The Progressive Conservatives had tabled a reform bill last year, but it died with that last session.
The federal government has since asked the Supreme Court of Canada to rule on whether changing the Senate requires changing the constitution.
Deputy Premier Paul Robichaud said there is no point passing a bill before Canada's top court rules on the question.
"We're going to wait to see the decision of the Supreme Court and after that, we'll move on with a new piece of legislation if we need to do so,” he said.
Premier David Alward's Senate reform proposal would have New Brunswickers vote on which names should be submitted to Ottawa for appointment to the Senate by the prime minister.
When Alward unveiled the legislation last year, he called the Senate reform proposal "historic."
He said the first Senate elections would likely be held in 2016.
New Brunswick has 10 seats in the upper chamber.
Supreme Court hearing
But that’s on hold until the Supreme Court rules on whether all provinces, or just a majority, must agree on Senate elections and term limits, or on the abolition of the Senate altogether.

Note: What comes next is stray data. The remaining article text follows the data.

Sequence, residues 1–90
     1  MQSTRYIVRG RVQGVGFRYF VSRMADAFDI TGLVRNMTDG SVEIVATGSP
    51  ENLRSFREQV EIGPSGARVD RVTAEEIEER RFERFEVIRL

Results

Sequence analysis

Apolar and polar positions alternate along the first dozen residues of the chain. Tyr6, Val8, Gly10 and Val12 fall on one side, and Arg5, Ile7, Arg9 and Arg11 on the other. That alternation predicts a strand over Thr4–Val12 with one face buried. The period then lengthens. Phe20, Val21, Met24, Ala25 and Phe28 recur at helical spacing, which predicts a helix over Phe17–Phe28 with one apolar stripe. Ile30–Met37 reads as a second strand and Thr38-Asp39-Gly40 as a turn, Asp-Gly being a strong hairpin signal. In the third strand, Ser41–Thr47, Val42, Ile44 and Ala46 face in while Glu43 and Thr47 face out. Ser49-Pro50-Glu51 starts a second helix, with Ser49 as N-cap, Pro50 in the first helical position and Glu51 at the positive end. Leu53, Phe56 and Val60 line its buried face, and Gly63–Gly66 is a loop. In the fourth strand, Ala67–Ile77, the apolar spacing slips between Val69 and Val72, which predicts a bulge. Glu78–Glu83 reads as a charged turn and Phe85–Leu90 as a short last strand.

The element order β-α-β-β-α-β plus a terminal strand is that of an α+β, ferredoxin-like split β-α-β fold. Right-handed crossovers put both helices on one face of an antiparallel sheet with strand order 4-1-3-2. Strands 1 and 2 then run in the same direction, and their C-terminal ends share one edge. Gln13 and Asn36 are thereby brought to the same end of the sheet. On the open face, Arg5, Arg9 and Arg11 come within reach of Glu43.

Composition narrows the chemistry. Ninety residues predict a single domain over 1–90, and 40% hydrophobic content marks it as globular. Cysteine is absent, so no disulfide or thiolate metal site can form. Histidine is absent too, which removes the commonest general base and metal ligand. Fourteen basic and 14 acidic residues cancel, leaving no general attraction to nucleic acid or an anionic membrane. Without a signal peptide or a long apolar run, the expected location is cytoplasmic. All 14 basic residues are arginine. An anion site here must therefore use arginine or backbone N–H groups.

It is also considering if Ottawa can legislate those changes itself.
Justice Minister Marie-Claude Blais said the provincial government has yet to develop its legal position on those points.
"When the time comes, I'll be more than happy to sit down with you and talk about that,” Blais said.
All provinces have been given intervener status in the Supreme Court hearing, which is scheduled for three days this fall.
The ongoing scandal over Senate expenses has prompted many Canadian politicians to talk openly about the need for reforming or abolishing the Senate.
Ontario Premier Kathleen Wynne said on Wednesday that she'd like to see the upper chamber reformed.
Meanwhile, Senator Marjory LeBreton, the government's leader in the Senate, said this week the Senate should be abolished if it cannot be reformed.Suggest a correction